Hydrocephalus is an abnormal expansion of cavities (ventricles) within the brain caused by the accumulation of cerebrospinal fluid.

Hydrocephalus is the result of an imbalance between the formation and drainage of cerebrospinal fluid (CSF). Approximately 500 milliliters (about a pint)of CSF is formed within the brain each day, by structures called choroid plexus, with epidermal cells lining chambers called ventricles. Once formed, CSFusually circulates among all the ventricles before it is absorbed and returned to the circulatory system. The normal adult volume of circulating CSF is 150 ml, so that the CSF turn-over rate is more than three times per day. Production is independent of absorption, and reduced absorption causes CSF to accumulate within the ventricles.

Reduced absorption most often occurs when one or more passages connecting theventricles become blocked, preventing movement of CSF to its drainage sitesin the subarachnoid space just inside the skull. This type of hydrocephalus is called "noncommunicating." Reduction in absorption rate can also be causedby damage to the absorptive tissue. This type is called "communicating hydrocephalus."

Both of these types lead to an elevation of the CSF pressure within the brain. This increased pressure squeezes the soft tissues of the brain, distortingand damaging them. In infants whose skull bones have not yet fused, the intracranial pressure is partly relieved by expansion of the skull, so that symptoms may not be as dramatic. Both types of elevated-pressure hydrocephalus mayoccur from infancy to adulthood.

A third type of hydrocephalus, called "normal pressure hydrocephalus," is marked by ventricle enlargement without an apparent increase in CSF pressure. This type affects mainly the elderly.

Hydrocephalus may be caused by:

  • Congenital brain defects
  • Hemorrhage, either in the ventricles or the subarachnoid space
  • Infectionof the central nervous system (syphilis, herpes, meningitis, encephalitis, or mumps)
  • Tumor.

Symptoms of elevated-pressure hydrocephalus include:

  • Headache
  • Nausea and vomiting, especially in the morning
  • Lethargy
  • Gait disturbance
  • Double vision
  • Subtle difficulties in learning and memory
  • Delay in achievement of developmental milestones in children.

Irritability is the most common sign of hydrocephalus in infants and, if untreated, this may lead to lethargy. Bulging of the fontanelle, the soft spot between the skull bones, may also be an early sign. Hydrocephalus in infants prevents fusion of the skull bones, and causes expansion of the skull.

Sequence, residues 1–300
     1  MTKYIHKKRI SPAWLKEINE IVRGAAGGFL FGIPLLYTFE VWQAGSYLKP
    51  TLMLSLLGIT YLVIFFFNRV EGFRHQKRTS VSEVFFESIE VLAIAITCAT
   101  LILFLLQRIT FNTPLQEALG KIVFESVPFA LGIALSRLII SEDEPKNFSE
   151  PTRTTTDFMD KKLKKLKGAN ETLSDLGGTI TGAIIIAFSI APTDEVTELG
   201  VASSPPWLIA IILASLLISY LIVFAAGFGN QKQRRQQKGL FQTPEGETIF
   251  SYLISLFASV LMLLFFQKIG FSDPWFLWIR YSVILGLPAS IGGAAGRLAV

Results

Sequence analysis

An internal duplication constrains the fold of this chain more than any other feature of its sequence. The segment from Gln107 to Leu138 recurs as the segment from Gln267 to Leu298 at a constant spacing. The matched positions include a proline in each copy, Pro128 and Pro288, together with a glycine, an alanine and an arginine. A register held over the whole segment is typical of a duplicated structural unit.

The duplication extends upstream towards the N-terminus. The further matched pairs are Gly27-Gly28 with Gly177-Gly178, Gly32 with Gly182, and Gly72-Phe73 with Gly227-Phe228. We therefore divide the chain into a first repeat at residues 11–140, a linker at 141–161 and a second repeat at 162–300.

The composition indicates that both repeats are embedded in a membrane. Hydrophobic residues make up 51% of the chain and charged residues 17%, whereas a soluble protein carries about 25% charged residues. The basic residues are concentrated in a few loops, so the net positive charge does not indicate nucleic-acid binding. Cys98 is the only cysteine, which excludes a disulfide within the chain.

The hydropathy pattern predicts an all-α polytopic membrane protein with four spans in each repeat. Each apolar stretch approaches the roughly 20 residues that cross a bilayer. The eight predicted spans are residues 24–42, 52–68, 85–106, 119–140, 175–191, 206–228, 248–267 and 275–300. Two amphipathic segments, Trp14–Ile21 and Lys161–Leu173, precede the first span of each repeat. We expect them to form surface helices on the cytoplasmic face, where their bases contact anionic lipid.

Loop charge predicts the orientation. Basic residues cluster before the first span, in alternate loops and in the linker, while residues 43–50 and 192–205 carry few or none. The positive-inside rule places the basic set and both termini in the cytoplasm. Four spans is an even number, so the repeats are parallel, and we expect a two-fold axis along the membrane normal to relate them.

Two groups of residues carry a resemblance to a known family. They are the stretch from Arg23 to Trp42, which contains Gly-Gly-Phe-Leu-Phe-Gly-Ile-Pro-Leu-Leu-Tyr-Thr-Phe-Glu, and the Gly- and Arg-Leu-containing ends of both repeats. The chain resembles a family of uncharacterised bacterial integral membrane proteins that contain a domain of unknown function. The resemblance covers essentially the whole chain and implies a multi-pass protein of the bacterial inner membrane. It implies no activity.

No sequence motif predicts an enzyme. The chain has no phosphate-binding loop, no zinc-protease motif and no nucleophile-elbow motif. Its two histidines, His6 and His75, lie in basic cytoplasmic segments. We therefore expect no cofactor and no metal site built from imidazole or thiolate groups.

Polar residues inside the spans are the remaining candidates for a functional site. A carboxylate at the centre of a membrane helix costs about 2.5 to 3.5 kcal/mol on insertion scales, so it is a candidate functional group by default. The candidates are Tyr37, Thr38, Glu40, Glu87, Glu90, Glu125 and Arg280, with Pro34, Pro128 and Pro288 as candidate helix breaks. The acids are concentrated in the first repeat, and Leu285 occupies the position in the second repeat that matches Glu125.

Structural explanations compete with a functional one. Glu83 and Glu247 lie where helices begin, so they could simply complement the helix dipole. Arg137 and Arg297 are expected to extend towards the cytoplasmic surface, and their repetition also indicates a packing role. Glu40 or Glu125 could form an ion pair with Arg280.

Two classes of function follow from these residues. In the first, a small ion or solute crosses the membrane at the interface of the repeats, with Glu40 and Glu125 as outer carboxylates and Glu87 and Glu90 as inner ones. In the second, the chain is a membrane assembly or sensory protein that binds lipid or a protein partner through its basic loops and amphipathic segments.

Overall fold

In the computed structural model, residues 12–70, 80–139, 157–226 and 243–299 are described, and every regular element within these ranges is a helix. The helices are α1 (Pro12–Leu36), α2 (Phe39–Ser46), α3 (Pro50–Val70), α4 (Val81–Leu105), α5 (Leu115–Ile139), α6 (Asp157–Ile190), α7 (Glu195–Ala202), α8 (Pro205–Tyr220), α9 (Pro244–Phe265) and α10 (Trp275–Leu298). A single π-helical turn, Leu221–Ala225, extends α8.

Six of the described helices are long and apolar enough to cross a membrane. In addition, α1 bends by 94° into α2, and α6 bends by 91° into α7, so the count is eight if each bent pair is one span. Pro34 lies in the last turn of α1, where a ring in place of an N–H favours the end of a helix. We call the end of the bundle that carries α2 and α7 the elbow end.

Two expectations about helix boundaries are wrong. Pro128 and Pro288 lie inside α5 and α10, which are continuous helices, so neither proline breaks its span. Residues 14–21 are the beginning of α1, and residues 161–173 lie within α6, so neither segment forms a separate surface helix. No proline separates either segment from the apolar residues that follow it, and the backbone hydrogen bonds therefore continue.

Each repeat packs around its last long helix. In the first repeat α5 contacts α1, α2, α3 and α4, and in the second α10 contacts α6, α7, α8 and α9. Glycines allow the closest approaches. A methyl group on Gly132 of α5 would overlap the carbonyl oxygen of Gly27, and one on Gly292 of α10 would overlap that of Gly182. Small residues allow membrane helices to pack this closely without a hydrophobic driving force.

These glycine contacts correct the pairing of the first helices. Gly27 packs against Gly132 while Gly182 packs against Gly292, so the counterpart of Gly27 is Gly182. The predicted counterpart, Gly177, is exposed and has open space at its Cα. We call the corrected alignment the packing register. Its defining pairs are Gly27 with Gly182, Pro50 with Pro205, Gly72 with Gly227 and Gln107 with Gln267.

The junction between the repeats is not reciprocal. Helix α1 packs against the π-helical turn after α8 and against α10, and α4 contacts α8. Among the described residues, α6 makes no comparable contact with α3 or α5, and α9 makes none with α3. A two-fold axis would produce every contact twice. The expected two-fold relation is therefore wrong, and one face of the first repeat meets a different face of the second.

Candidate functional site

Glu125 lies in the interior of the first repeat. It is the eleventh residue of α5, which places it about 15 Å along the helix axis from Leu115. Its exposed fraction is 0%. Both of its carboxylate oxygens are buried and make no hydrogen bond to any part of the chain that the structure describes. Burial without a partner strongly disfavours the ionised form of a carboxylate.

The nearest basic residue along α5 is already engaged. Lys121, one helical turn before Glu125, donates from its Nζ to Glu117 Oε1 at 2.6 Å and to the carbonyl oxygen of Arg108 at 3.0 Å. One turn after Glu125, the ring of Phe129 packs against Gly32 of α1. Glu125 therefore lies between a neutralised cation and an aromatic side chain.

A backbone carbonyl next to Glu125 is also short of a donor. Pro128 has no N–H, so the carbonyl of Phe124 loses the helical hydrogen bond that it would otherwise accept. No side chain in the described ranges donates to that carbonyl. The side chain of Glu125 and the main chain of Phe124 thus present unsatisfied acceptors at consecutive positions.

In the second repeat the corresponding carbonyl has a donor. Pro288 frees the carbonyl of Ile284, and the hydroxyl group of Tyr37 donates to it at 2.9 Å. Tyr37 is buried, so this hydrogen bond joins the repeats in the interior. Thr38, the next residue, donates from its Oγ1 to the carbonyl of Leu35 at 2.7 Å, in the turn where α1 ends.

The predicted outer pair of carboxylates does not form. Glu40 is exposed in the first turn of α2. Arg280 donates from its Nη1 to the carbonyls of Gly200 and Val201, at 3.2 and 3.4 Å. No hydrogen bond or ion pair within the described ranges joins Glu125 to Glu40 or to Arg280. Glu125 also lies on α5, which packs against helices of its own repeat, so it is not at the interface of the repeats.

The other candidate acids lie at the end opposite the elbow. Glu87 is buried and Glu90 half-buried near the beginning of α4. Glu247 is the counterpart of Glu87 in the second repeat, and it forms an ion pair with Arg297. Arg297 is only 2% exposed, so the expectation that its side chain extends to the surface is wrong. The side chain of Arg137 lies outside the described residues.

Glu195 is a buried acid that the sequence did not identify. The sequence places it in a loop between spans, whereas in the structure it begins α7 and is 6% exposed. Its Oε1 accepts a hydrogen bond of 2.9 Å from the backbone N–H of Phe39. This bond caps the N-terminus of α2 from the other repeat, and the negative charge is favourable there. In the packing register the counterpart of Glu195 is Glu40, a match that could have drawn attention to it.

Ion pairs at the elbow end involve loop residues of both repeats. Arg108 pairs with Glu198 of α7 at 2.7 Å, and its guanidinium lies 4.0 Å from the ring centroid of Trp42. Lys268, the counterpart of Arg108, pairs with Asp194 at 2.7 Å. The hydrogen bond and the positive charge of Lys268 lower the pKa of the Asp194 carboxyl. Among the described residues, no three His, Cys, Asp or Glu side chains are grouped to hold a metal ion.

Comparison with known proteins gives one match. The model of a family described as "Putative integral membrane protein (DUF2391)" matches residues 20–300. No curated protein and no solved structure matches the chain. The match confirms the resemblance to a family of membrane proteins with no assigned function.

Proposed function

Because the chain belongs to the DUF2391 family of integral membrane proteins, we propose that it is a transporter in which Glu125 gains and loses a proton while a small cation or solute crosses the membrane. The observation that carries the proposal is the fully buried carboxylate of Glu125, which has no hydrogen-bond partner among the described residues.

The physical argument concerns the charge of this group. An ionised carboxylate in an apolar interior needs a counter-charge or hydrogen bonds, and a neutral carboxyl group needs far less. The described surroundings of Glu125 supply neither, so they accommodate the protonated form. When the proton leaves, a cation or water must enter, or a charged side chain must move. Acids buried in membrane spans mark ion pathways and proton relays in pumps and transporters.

Symptoms of normal pressure hydrocephalus include dementia, gait abnormalities, and incontinence (involuntary urination or bowel movements).

Imaging studies--x ray, computed tomography scan (CT scan), ultrasound, and especially magnetic resonance imaging (MRI)--are used to assess the presence and location of obstructions, as well as changes in brain tissue that have occurred as a result of the hydrocephalus. Lumbar puncture (spinal tap) may be performed to aid in determining the cause.

The primary method of treatment for both elevated- and normal-pressure hydrocephalus is surgical installation of a shunt. The shunt is a tube connecting the ventricles to an alternative drainage site, usually the abdomen. The shuntcontains a one-way valve to prevent reverse flow. In some cases of non-communicating hydrocephalus, a direct connection can be made between one of the ventricles and the subarachnoid space, allowing drainage without a shunt.

Installation of a shunt requires lifelong monitoring by the patient or familymembers for signs of recurring hydrocephalus due to obstruction or failure of the shunt.

Some drugs may postpone the need for surgery by inhibiting the production ofCSF. These include acetazolamide and furosemide. Other drugs used to delay surgery include glycerol, digoxin, and isosorbide.

Prognosis for elevated-pressure hydrocephalus depends on a wide variety of factors, including the cause, age of onset, and the timing of surgery. Studiesindicate that about half of all children who receive appropriate treatment and follow-up will develop IQs greater than 85. Those with hydrocephalus at birth do better than those with later onset due to meningitis. For patients withnormal pressure hydrocephalus, shunt installation may lead to improvement inapproximately half.

Some cases of elevated pressure hydrocephalus may be preventable by preventing or treating the infectious diseases which precede them. Prenatal diagnosisof congenital brain malformation is often possible, offering the option of family planning.

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